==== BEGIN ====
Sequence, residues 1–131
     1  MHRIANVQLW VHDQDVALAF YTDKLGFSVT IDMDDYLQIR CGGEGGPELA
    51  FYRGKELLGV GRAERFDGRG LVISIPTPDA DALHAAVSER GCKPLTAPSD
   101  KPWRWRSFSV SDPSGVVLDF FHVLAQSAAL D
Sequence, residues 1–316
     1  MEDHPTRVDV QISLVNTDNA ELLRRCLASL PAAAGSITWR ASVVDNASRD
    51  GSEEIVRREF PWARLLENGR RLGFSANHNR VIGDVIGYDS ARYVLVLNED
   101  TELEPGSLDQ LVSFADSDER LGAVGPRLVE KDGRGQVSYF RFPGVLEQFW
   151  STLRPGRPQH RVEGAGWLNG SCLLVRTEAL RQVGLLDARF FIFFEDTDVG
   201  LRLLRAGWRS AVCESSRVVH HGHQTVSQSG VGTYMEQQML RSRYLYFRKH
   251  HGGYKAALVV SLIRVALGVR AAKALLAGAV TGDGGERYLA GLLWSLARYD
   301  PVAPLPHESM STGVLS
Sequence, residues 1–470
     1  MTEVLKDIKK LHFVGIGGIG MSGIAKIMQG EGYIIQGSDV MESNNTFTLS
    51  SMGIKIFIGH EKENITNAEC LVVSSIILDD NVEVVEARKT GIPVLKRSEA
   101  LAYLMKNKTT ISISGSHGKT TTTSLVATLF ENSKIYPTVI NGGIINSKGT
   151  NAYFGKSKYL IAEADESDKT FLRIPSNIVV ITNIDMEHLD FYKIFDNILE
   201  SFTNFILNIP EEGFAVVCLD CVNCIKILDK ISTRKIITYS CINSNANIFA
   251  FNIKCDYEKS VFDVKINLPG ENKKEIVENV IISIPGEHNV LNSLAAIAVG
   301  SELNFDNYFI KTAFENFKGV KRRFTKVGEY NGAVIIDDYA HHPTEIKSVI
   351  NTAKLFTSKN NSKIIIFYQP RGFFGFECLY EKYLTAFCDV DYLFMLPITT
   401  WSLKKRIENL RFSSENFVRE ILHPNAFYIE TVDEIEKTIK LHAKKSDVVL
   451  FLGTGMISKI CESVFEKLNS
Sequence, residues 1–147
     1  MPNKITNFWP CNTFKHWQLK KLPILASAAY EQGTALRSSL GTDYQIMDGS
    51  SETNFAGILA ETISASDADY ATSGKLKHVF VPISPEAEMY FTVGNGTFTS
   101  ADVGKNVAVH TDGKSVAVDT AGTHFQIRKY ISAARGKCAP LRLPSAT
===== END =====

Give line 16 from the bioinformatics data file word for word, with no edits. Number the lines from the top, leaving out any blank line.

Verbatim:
   101  LAYLMKNKTT ISISGSHGKT TTTSLVATLF ENSKIYPTVI NGGIINSKGT